Barley Wines are generally a style that are preferred with age, especially American Barley Wines due to the ramped up hops and alcohol. English-style Barley Wines are usually leaning more toward the sweeter, maltier side, but can still benefit from a substantial amount of aging to tone down heat from the alcohol or to allow the beer to become a little more balanced. Olde School even states on the label that one way to enjoy this brew is to bury it in the woods, dig it up a year later and drink it.

The beer boasts a 15% ABV level, which is pretty apparent in the nose when fresh, but after time that booziness had subsided a bit. What you get more of now is a ton of mixed fruits and a large amount of fig. Old residual hops are present but are dominated by the sweet malts, caramel and toffee notes. The booze is still evident once it opens up a bit and warms, but it's not nearly as cutting as it was fresh.

The beer definitely doesn't drink like a 15% beer anymore. The heat picked up in the nose doesn't really show in the taste. The main components are caramel, fig, and some pineapple. There is a bit of some dark candied sugar which gives the taste and mouthfeel its stickiness. Just as in the nose, the hops have definitely subsided and the sweet grains are the backbone of the profile. There is a bit of honey in the aftertaste that rests with the caramel and toffee.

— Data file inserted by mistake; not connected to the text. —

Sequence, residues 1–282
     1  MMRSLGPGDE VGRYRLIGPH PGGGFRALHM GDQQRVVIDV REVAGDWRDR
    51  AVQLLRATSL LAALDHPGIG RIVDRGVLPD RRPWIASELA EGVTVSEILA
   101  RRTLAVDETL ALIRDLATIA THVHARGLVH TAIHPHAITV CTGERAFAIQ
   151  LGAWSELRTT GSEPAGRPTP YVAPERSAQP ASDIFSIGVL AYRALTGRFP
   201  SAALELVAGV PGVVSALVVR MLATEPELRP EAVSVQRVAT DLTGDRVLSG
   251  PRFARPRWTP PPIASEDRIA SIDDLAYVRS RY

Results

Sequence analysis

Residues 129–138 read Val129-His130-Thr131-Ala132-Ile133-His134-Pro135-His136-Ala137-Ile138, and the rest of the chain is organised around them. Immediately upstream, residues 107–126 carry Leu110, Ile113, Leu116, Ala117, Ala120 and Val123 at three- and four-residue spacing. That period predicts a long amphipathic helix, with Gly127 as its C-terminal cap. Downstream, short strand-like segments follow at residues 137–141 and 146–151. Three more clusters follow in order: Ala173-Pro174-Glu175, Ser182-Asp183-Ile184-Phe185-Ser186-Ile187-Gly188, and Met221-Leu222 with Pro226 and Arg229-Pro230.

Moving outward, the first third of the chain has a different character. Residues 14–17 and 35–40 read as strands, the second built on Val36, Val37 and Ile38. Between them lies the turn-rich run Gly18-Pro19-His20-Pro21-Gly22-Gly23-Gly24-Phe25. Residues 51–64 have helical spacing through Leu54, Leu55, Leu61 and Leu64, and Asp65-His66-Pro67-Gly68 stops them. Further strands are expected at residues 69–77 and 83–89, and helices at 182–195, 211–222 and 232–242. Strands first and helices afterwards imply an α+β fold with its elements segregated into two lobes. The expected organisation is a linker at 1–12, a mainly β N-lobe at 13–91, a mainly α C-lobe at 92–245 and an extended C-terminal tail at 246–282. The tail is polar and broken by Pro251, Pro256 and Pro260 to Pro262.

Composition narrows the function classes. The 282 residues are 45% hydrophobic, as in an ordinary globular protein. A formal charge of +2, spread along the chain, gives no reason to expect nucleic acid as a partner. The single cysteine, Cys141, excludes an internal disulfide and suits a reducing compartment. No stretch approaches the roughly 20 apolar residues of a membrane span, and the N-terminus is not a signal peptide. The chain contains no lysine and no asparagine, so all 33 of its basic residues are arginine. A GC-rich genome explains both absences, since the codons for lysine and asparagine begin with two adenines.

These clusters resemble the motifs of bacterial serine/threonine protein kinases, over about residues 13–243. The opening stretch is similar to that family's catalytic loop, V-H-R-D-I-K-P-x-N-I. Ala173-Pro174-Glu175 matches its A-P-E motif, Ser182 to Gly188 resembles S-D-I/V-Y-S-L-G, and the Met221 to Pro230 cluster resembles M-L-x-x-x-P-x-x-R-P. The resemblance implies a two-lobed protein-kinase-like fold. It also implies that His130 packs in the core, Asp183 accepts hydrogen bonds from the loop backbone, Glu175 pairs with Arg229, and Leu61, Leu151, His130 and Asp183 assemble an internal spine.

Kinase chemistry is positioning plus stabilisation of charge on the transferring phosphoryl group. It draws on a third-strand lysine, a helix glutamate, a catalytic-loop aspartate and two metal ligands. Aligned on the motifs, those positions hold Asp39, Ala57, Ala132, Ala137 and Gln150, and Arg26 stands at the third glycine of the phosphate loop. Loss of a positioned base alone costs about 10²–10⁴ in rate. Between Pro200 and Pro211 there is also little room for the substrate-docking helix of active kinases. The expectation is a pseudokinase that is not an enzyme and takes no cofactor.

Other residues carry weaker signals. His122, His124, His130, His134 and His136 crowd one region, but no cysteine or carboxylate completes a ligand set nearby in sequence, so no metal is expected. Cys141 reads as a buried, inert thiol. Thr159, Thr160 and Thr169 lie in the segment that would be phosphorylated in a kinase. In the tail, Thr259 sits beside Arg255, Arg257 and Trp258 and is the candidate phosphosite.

This is definitely one that I prefer with a lot of time on it, at least a year. With almost 3 full years in the bottle, this beer has really come together well and is very enjoyable.


Our CELLARED series aims to explore the world of aging beer and sharing the effects of time in the bottle. Bottles have been kept away from light and at temperatures between 44-60 degrees. Individual experiences may vary depending on storage environments.

Posted on April 25, 2014 .